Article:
The aunt of the driver run over and killed by Tony Stewart last month in upstate New York said her nephew was not impaired before the fatal accident and again criticized the NASCAR star's actions that led to the crash.
Kevin Ward Jr. was sent into the wall when his car was bumped by Stewart's in a dirt-track race last month in Canandaigua. Ward got out of the car and walked onto the track, where he was hit by Stewart. The three-time NASCAR champ will not faces charges, prosecutors said last week in disclosing for the first time that Ward had enough marijuana in his system the night he died to impair his judgment.
In an open letter read to USA Today, Wendi Ward was critical of Stewart's actions after a caution was issued when Ward's car crashed.
"Tell me how a NASCAR star totally forgot what caution means," Ward wrote. "Maybe he should get a different headset so he is able to hear on the radio that the car in caution is up high, so go low. Or was he low until he rounded the corner and saw Kevin Jr. standing up for himself?"
Ward also dismissed the toxicology report that showed her nephew had marijuana in his system, saying it should not be an issue.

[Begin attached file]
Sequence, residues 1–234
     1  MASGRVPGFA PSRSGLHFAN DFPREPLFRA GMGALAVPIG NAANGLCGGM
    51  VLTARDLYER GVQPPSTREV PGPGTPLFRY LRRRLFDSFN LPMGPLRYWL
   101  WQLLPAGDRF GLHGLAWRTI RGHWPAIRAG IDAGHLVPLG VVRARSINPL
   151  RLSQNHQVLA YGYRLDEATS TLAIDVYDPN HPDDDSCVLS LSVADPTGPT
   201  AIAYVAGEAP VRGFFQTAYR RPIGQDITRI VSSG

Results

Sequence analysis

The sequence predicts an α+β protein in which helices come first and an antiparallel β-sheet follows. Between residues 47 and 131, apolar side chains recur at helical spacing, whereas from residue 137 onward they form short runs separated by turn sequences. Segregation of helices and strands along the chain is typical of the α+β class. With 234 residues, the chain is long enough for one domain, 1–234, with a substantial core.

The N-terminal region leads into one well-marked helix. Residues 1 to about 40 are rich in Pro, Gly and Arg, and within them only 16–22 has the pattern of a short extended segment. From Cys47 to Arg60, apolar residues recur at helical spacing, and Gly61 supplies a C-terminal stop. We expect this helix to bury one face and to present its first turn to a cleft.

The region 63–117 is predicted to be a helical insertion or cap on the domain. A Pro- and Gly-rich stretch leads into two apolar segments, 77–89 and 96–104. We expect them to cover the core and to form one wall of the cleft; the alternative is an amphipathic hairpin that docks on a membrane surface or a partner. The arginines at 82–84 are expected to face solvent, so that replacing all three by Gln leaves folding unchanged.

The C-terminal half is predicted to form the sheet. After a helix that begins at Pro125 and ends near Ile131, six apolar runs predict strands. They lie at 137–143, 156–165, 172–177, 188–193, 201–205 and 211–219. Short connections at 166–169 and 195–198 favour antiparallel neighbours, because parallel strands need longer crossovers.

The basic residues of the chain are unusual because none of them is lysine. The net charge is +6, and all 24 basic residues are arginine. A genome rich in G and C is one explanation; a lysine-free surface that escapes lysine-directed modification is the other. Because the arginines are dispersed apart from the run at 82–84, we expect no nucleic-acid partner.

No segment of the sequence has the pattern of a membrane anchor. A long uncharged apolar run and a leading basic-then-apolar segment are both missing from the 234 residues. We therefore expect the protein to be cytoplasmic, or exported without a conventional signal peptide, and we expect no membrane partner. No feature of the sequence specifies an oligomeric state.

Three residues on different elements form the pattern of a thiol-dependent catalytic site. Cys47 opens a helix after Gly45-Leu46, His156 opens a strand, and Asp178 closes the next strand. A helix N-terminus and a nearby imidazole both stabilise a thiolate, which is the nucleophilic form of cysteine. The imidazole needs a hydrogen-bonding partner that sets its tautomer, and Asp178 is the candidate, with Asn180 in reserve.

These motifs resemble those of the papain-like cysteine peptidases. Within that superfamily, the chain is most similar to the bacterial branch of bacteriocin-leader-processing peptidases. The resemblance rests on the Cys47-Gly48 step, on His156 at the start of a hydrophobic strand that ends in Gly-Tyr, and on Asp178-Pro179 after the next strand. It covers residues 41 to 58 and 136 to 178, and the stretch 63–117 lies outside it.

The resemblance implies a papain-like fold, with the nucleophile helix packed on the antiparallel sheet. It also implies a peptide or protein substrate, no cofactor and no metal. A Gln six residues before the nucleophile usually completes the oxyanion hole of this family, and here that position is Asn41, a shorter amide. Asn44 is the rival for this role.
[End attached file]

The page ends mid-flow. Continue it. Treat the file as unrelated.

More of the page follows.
"It's known to mellow a person," she wrote. "We understand that the report showed marijuana, but we as a family don't believe he was under the influence or impaired at the time due to the 10 hours prior to the race that he spent with the family."
Although Stewart was cleared of criminal charges, he may still face a civil lawsuit. After the grand jury decision, Ward's mother released a statement to CBS News, saying the family "will pursue all remedies in fairness to Kevin."
"Our son got out of his car during caution while the race was suspended, all other vehicles were reducing speed and not accelerating, except for Tony Stewart who intentionally tried to intimidate Kevin but accelerating and sliding his car towards him causing this tragedy," Pamela Ward said.
Last month, Ward's father also lashed out at Stewart, telling a newspaper that "Tony Stewart was the best damn driver by far on the track that night. Why he had to go up as high as he did and hog my son, there's no reason for it."
On Monday, Stewart said that he has replayed the incident in his head every day but repeated that it was "100 percent an accident."
Stewart said he is disappointed that people are "picking sides" in the wake of the fatal crash.
"Picking sides doesn't solve or fix anything," he said. "It's a waste of time, instead of honoring a young man with a promising sprint car career. It's like watching people throw darts at each other. It's dividing people that on a daily basis would help each other. At the end of the day, it won't help people."